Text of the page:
The question on party political support was perhaps the most intriguing – with approaching one third – 28% - in the Undecided/Would not vote/Did not answer categories.
Overall the poll seems to suggest a modest increase in DUP support, a slightly bigger increase for the UUP, SDLP support static and a huge drop in support for Sinn Fein?

DUP misses bigger picture?

The media carried several reports over the weekend of DUP MPs musing about a hung Parliament in which they have the balance of power. They obviously were so busy attending to MLA or MP or Ministerial business that they missed the local election results in England and Wales.
Perhaps even more bizarre was the claim in Financial Times that the DUP extracted the agreement that the Executive could keep all of the proceeds of extra assets sales in return for the DUP supporting Labour legislation on the 42 day detention of terrorist suspects.
The Conservatives, keen to work to the old maxim that the best time to kick a man is when he is down, are said to be furious. Surely the DUP would not risk offending the Conservatives in return for a financial package that may not, given the economic climate, be worth anything much at all? With the Conservatives increasingly ascent in the polls this would seem like a short sighted position for the DUP to adopt.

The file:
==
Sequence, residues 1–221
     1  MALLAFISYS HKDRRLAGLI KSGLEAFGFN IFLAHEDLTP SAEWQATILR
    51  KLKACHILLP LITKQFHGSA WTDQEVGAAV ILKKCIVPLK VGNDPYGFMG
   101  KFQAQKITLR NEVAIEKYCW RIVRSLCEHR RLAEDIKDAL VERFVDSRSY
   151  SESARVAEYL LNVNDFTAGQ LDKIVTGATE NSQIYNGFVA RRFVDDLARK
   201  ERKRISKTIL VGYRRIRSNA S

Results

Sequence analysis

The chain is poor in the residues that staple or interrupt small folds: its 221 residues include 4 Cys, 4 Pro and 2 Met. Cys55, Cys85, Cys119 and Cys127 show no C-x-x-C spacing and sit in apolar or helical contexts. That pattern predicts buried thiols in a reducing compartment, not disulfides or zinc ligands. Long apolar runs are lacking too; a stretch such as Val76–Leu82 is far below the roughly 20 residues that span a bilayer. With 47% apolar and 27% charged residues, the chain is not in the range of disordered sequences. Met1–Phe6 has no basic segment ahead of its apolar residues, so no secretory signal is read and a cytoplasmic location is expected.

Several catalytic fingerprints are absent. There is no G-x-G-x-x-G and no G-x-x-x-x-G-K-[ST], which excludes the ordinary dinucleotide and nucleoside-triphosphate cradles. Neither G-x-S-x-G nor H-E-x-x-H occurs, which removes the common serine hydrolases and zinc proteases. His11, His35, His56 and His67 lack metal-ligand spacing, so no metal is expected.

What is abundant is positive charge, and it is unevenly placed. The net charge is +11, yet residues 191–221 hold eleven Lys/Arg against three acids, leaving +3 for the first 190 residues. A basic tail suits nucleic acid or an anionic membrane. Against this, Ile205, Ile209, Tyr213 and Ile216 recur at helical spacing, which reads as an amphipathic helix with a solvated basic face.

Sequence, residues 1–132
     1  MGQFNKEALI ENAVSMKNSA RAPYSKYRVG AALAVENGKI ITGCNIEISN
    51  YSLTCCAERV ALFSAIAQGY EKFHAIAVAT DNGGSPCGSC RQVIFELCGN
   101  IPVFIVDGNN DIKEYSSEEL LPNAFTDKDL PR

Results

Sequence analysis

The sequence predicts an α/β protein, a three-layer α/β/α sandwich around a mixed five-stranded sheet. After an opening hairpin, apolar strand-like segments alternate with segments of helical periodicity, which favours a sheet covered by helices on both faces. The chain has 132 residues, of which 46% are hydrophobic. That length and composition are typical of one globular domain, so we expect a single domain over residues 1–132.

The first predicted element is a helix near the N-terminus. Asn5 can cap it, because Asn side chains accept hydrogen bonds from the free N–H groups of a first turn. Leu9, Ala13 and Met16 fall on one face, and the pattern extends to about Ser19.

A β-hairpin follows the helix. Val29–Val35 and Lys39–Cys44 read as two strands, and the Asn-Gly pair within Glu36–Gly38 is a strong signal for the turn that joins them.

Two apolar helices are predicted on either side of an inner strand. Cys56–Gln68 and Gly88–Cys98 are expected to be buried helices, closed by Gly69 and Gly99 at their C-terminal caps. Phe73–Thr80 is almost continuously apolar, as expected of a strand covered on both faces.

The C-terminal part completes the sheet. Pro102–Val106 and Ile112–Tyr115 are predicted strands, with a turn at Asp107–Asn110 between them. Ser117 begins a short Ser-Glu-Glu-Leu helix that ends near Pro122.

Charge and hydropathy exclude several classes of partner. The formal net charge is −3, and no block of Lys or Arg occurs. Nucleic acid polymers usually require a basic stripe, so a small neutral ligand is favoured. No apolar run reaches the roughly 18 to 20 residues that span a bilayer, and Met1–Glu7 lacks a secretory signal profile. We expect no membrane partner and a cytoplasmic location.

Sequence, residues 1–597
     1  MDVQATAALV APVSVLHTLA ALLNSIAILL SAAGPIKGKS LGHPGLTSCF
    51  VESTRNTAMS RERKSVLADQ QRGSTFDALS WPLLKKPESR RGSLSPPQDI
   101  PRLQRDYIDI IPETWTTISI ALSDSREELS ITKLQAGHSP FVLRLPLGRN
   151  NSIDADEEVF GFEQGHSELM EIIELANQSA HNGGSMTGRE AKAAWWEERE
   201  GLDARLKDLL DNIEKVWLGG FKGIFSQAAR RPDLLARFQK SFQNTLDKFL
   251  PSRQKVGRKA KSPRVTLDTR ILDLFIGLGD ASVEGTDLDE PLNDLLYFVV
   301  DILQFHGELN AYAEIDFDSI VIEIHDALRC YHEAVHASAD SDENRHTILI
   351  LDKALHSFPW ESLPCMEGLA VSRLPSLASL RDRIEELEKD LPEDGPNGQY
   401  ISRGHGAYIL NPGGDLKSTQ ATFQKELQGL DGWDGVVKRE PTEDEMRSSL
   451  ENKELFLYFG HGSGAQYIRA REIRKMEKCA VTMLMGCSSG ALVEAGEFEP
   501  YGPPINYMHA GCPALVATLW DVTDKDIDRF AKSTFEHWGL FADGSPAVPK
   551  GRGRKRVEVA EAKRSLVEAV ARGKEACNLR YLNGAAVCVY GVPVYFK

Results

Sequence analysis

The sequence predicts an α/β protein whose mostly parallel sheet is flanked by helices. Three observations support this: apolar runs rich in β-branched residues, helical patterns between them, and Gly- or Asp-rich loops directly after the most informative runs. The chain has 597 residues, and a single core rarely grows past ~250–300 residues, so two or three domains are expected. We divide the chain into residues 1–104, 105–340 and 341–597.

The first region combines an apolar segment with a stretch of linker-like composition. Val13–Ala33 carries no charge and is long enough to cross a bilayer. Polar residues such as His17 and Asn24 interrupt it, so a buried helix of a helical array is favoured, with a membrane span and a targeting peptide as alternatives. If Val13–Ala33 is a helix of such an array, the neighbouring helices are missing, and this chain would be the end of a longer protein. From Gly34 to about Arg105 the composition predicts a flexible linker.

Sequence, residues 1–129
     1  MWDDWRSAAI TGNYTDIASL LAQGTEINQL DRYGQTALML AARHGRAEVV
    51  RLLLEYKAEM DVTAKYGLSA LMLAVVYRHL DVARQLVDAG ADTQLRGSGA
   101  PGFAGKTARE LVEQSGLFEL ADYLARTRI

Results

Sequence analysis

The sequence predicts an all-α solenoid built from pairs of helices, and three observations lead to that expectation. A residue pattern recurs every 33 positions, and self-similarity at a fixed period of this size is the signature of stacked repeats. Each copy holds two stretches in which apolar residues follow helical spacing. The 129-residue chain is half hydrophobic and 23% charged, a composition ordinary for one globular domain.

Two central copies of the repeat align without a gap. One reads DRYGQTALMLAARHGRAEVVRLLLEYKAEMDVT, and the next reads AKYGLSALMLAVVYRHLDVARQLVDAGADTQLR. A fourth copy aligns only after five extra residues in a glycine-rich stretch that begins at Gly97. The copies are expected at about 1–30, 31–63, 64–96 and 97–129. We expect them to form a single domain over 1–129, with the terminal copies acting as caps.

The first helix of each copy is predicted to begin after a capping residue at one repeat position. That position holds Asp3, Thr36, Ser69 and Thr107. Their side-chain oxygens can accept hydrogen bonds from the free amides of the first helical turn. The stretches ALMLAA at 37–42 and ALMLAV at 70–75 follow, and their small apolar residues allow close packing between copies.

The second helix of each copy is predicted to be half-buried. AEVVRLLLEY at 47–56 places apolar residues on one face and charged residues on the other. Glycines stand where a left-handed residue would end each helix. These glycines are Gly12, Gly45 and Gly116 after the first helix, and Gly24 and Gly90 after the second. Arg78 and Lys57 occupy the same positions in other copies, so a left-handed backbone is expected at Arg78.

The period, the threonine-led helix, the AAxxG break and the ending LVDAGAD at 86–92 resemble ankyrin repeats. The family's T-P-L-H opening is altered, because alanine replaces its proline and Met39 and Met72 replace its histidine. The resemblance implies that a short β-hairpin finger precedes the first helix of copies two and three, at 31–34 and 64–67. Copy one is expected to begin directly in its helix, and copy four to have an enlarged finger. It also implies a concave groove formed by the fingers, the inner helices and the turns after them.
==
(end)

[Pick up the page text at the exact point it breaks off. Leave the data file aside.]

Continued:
Global deal or giant fiasco?

Rumour has it that Sinn Fein are again suggesting one of their ‘global deals’ under which unionists get to keep academic selection in return for agreeing to the devolution of policing and justice / an Irish Language Bill / Maze Stadium.
The Secretary of State, Shaun Woodward, meanwhile remains determined to live up to the Labour Government promise have policing and justice devolved in May 2008. Only Mr Woodward believes this is possible.

Cowan appoints Cabinet and treads warily in Hillsborough

Time moves rapidly in politics. Brian Cowen was heard to remark on that recently. This week he appointed his new Cabinet and traveled ‘up north’ to the US NI Investment Conference. He will no doubt be seeking to build bridges with Peter Robinson. When he was Foreign Affairs Minister he apparently told Peter Mandelson that ‘beyond the constitutional acceptance that Northern Ireland remained part of the UK, there should be no further evidence of Britishness in the governance of NI’. This week when Mr Cowen addressed the assembled audience at Hillsborough he was at pains to point out that while he wanted to see the development of an All Ireland (island?) economy he did not want to encourage a belief that he would seek to interfere with the institutions as established.
Peter Robinson, who recently remarked how Finance Minster Cowen had gone on to become Prime Minister and how Gordon Brown had also gone from Finance to PM - and how he was eager to follow in their footsteps – may now not to be quite so keen to follow Gordon Brown’s footsteps given Mr Brown’s recent political misfortunes.

UUP to appoint Director of Communications

The UUP, whose employment record has been checkered in recent years, are to appoint a new Director of Communications after their AGM on 31 May.